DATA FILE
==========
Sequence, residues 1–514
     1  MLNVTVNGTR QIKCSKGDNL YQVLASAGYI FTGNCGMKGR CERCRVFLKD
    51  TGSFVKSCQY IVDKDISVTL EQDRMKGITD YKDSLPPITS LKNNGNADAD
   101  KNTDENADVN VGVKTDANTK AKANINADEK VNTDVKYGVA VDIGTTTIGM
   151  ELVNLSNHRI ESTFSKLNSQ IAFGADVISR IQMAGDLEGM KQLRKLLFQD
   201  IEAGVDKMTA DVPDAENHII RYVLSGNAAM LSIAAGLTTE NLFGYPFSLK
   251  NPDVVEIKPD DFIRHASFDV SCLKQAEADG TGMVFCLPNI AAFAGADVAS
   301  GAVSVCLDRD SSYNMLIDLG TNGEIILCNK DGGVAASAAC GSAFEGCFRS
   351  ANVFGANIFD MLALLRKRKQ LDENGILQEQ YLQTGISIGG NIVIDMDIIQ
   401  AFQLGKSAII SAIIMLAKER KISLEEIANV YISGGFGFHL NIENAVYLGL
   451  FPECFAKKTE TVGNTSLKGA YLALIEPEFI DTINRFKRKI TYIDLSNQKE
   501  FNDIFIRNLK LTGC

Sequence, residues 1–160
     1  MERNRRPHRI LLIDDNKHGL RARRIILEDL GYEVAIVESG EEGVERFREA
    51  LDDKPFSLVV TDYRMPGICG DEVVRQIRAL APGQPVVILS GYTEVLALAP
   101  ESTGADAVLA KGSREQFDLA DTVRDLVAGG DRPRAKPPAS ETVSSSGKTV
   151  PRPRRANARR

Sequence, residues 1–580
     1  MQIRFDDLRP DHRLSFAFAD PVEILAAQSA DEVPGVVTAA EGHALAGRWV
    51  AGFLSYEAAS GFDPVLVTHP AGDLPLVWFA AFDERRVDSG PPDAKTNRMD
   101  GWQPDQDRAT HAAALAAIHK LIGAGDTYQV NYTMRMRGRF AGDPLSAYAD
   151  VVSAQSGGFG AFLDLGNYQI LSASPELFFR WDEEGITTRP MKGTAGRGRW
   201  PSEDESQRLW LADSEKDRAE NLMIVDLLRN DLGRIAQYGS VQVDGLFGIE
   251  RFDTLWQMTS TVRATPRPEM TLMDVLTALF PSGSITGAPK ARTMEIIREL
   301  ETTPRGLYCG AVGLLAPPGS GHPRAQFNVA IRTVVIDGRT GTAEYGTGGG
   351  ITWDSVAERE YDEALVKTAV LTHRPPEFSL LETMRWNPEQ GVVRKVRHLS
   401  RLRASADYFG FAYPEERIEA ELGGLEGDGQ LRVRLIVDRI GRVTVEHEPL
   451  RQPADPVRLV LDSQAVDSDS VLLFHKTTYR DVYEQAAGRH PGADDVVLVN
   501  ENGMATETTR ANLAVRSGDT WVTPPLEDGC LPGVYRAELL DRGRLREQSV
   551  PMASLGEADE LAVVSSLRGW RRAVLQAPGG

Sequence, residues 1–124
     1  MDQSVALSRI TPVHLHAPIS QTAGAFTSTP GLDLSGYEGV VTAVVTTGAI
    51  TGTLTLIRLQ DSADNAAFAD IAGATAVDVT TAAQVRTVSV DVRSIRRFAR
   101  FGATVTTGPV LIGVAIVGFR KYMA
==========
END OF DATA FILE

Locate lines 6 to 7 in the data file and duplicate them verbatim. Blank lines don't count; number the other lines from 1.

   201  IEAGVDKMTA DVPDAENHII RYVLSGNAAM LSIAAGLTTE NLFGYPFSLK
   251  NPDVVEIKPD DFIRHASFDV SCLKQAEADG TGMVFCLPNI AAFAGADVAS